# String Theory, Texas-style

So what made it into the suitcase?

The Moth Wings Shrug, the Cool Wave Shawl, AND the Dahlia Shawl (the Sera Lace Top hopped in the suitcase as an FO).

Just before I left, I decided to change up the yarn for the Dahlia Shawl—I wasn't loving the way the color-change lace was playing out. So I rummaged through my stash and came up with some lovely pink Zephyr, a wool/silk blend. There was just one glitch: Long ago, I was working on a project with this yarn that called for doubling the yarn, so I wound two plies together into a big yarn muffin. Very efficient—at the time. But for the Dahlia, I need a single strand of the yarn. What to do?

Shove it in the suitcase and figure it out later.

On my second day in Texas, I headed to San Antonio to visit with Linda Permann. While at her LYS, Yarnivore, I pulled out my double-strand yarn muffin and said, "Hey, Linda, what do you think is the best way to turn this into two balls of yarn?" She eyeballed it warily. Then, even though it was her birthday, she agreed to help out.

In theory, the task seemed simple enough: turn one big double-stranded yarn ball into two single-strand balls.

In practice, we had to wrangle a whole lot of pent-up twist in the yarn. Our initial attempts were fumbly at best. I daresay that when we set out on the venture, neither of us figured that we would actually get to the end of the task that afternoon.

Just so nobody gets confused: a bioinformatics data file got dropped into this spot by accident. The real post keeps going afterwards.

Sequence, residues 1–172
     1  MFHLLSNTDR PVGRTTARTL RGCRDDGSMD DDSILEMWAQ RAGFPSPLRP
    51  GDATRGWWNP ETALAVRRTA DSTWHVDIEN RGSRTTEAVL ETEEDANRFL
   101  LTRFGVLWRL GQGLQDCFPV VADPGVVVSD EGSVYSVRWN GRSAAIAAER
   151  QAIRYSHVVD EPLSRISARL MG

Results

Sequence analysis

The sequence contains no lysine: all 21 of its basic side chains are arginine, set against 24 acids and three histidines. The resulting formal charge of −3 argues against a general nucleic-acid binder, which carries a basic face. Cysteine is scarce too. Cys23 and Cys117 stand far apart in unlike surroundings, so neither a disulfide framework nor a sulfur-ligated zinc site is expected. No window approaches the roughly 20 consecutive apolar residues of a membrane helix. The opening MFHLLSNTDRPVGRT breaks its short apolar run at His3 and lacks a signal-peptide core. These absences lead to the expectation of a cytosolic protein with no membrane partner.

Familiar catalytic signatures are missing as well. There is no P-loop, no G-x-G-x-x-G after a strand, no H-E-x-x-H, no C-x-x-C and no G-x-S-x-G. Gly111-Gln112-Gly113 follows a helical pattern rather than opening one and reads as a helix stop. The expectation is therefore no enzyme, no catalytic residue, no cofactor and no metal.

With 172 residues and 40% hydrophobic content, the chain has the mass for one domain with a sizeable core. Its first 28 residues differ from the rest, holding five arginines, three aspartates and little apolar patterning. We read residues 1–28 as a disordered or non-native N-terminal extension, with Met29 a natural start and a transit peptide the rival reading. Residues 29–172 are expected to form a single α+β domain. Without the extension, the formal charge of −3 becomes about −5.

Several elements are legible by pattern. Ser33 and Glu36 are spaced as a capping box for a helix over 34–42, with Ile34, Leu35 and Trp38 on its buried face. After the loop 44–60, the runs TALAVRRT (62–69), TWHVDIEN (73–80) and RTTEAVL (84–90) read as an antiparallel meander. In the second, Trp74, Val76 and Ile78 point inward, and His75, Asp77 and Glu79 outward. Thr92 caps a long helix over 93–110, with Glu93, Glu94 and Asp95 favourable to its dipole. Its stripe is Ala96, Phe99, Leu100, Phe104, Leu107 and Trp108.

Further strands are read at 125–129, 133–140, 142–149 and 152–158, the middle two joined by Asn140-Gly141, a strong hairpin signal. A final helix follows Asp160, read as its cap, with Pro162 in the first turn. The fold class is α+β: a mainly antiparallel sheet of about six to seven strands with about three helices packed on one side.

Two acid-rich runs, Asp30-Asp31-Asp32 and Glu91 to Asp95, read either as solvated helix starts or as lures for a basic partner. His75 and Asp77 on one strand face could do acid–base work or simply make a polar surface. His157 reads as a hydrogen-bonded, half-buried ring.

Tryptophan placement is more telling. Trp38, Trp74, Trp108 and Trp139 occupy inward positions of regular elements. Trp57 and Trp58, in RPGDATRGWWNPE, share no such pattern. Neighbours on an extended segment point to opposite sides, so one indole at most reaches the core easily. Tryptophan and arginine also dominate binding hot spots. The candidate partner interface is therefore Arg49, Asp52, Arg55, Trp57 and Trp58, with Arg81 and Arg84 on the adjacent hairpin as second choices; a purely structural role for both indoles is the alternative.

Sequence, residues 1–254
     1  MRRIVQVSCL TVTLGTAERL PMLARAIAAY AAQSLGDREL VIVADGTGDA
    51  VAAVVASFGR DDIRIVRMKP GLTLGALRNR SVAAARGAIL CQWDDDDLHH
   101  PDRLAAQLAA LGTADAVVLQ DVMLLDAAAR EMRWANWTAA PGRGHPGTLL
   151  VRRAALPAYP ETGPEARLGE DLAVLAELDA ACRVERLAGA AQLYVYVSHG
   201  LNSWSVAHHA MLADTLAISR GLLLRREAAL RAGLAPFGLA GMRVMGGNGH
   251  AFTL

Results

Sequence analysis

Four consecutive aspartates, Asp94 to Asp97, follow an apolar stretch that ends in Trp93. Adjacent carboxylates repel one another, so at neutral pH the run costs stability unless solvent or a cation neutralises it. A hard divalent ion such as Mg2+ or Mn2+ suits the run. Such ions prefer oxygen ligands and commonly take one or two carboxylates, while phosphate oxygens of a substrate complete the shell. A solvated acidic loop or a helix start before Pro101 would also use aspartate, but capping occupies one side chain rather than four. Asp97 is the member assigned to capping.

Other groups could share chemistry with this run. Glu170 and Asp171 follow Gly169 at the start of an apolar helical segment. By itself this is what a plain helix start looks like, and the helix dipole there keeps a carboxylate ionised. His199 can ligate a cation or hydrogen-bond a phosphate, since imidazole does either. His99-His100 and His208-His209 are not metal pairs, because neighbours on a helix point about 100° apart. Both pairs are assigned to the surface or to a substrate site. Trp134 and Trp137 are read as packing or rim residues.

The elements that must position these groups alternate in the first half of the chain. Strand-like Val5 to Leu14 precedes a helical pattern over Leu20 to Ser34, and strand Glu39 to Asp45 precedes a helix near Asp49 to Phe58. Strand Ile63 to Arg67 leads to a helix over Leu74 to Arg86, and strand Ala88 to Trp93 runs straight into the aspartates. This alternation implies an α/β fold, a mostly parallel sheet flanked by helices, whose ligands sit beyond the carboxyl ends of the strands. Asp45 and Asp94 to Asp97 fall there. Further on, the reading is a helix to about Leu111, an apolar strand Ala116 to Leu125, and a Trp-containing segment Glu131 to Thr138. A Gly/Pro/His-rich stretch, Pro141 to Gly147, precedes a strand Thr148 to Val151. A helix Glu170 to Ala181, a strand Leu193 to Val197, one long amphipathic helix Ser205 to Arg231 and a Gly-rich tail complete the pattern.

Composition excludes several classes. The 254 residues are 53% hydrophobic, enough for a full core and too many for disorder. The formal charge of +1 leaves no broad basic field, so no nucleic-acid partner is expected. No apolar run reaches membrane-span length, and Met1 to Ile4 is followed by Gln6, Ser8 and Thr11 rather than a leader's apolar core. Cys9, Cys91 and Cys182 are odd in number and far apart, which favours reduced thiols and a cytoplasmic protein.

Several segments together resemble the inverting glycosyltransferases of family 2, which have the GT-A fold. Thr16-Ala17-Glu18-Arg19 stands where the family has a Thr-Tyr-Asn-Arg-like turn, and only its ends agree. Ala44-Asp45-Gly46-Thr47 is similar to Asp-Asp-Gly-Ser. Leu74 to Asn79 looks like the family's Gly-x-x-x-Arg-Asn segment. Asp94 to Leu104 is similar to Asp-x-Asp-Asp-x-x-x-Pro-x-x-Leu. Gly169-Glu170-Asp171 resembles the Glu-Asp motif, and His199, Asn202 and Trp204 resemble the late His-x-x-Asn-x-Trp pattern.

But then, it became something of a challenge. And eventually, we hit upon a method that worked.

We stirred up a complex cocktail of the laws of physics and mathematics, involving triangulation, angular velocity, tension calculation and a time-space-continuum warp. We employed two yarn bras to embrace the evolving balls of yarn while we released the twist in a method that looked something like the retro Clackers toy, except the balls wound around each other rather than smacking each other.

Call it our version of string theory.

Over the course of an hour, three LYS employees alternated winding a ball between teaching lessons, fetching yarns, and ringing up customers. Customers were alternately amused and bemused—hard to tell which emotion was stronger for the customers who had to do the limbo to get out of the store (did I mention that we had this whole enterprise set up right at the front of the store?)

And, finally, we had two balls of yarn.

I regret to say that there are no photos or videos.

I (heart) Yarnivore.

When you get a chance, stop by your own LYS to thank the folks there for the many ways they make it easier for you to get to the important business of crocheting.

Best,

Marcy